The scene really did not change except for a set of cascading fluorescent lamps above in a 5x4 pattern and the computers being removed to make a platform at the stage center. Gutrune brings in coffee and Hagen comes to the front of the stage with a penetrating voice as the chorus enters and removes their jackets and rolls their sleeves up sitting in office chairs on wheels all around. Brunnhilde in black slip with gray trench coat comes in with Gunther and Siegfried reappears in a black tux(no tie, open shirt and hair now combed) ready for the wedding and Gutrune in a gorgeous black gown laden and diamond jewelry. The men sit around the table as Brunnhilde is atop and extremely distraught as Gunther attempts to take her and she pulls it back and gasps in horror at the thought of being with him. Ms. Goerke's accusation scene was cold and calculated in a way that it should be as this women is in shock; I thought she was going to really hit Siegfried. The oath over Hagen's sword (here the men all had steel javelin-like weapons) had Mr. Schager soaring once again as his tenor voice rang though the hall. Brunnhilde was slumped in a chair totally bereft yet Ms. Goerke's voice soared and penetrated with anger and despair and then turns to cunning. Gunther in this production is an older man (60's) and yet offered intensity when he utters "Siegfried's tod!" and Brunnhilde realizes what she has done. The ending trio had each of them in their own delirious world as the women come on carrying white veils and dresses for Brunnhilde. She is on the platform as the women surround it and ultimately tears off the veil they have placed on her head.
Returning to the hall the orchestra received a monstrous ovation from the appreciate crowd. The curtain rose to reveal the red pulsing light from the beginning of Act I with an unmade bed at the center. The Rhinemaidens are in black with purses on chairs at the right and looked more like the Norns of Act I. I laughed as they pulled out nailfiles and did an entire scene choreographed with leg crossing. As Siegfried's horn calls they strip off their black trenchcoats to reveal white undergarments with two jumping in the bed and one under it.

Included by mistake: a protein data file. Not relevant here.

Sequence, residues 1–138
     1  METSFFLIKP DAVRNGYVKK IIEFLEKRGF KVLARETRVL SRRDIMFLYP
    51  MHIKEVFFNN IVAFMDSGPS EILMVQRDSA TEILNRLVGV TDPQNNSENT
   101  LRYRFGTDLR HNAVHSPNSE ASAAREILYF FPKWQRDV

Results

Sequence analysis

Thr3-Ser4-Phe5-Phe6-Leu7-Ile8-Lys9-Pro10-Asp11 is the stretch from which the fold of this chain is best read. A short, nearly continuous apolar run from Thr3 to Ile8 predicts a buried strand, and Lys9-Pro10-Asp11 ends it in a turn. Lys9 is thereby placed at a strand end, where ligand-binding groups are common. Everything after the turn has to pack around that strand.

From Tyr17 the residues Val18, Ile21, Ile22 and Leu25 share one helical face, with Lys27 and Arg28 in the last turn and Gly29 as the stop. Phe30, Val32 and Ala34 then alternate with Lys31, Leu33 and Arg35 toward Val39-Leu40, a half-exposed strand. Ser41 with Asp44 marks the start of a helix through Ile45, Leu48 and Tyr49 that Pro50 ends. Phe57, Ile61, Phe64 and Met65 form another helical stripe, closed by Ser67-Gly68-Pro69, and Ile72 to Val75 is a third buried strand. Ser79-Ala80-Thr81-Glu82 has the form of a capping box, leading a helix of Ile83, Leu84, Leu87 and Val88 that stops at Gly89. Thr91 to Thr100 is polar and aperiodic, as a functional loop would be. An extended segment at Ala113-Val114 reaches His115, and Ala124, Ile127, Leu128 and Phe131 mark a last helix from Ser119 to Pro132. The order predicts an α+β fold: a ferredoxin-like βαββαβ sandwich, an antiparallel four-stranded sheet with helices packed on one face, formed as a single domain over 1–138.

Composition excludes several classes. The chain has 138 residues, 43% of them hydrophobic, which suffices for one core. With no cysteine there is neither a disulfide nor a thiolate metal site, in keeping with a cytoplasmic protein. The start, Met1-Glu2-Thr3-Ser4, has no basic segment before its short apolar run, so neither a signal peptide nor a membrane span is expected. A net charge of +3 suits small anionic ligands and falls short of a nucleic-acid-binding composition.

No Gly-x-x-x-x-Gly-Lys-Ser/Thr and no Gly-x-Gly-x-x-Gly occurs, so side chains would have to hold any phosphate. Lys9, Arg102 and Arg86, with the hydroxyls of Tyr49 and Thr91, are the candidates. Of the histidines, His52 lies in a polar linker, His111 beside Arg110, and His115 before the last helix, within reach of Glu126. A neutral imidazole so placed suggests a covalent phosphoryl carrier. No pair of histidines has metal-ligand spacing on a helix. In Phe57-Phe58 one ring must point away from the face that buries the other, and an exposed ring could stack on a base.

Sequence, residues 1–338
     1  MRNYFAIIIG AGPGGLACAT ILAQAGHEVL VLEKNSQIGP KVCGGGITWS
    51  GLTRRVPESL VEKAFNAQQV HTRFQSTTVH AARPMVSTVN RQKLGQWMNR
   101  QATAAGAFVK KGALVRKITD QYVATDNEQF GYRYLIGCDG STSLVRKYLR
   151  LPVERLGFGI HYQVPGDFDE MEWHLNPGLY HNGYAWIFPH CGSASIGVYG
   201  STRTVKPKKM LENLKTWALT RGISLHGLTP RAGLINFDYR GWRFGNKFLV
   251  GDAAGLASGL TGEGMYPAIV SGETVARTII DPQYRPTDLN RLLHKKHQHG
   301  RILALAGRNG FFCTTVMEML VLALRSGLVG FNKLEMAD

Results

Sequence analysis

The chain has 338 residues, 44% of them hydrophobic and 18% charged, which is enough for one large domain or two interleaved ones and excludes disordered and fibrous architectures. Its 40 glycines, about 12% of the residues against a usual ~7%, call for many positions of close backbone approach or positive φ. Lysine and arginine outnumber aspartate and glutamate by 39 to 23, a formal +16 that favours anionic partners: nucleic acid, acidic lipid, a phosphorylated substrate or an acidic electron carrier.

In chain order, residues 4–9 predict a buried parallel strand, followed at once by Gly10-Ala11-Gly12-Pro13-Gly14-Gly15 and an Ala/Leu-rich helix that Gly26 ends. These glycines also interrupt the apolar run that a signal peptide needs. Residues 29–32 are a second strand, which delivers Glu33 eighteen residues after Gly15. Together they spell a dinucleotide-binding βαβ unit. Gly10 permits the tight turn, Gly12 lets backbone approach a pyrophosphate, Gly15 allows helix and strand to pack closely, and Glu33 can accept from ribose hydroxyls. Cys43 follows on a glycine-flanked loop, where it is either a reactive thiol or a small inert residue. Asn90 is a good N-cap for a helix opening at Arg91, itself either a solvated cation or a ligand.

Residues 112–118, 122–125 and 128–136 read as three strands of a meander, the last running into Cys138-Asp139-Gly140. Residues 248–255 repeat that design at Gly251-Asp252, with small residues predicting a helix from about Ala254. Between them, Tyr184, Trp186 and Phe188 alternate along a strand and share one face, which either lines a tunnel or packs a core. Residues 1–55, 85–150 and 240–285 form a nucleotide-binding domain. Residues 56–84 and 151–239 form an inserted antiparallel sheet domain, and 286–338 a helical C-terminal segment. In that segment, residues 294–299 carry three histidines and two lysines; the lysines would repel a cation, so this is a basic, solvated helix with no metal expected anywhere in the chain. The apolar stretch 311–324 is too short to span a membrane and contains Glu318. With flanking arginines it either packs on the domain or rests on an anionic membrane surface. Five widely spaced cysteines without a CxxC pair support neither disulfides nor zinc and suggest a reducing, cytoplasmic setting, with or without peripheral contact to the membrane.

Oddly they leave the stage to Siegfried after a while and return in black coats only to disrobe again to nightgowns. I missed the playful maidens that should be really hitting on the hero, rather than multiple quick costume changes.
The lights go bright and the hunters come in as Siegfried begins to tell his tale and what another wonderful chance to show off his ringing tenor. At the climax Hagen stabs him and two men dressed as black ravens bring in a woman clad in white. I was completely lost as I did not recall this as last year's bird and just thought it was a total mess. At least the Funeral Music made me forget it for a while.
We moved on to the final scene with the cascading fluorescent lights again above. Ms. Cargill was superb here and got her Gutrune scene just right before the dead Siegfried is brought in. Hagen strangles his half-brother and the lights rise up as Brunnhilde enters, again all in black.
The Immolation scene was a tour de force as Ms. Goerke stood over Siegfreid's body until the told the crowd to obey and they all left.
Hagen was barely visible at the back left in what seemed the far off distance as she sagn. "Ruhe o Gott" and 5 men entered to carry off he hero's body. The stage was virtually black save for Hagen & Brunnhilde and it was a truly moving moment and one that was truly beautifully staged. The chorus brings on pieces of buildings (domes, columns, etc) which I correctly figured were Valhalla (I later found out these were used in Rheingold 4 years earlier, but I had not seen that. The pieces are lit with red light as Valhalla burns.
After 5 hours, Ms. Goerke soared with intensity that never faltered or skipped the entire afternoon and truly sent us home with a memory to retain forever. She is joined by the Rhinemaidens (now in white and blond wigs) as they dance in a circle and hold the ring high. Hagen tries to grab and ultimately is drowned, although this was not that clear as he just feel to the floor. Everyone else basically turns and walks toward the rear as the opera ended...I needed a bit more, but again I HAD THAT MUSIC and one of the best casts ever for sure.
ALAN SAVADA of Washington, DC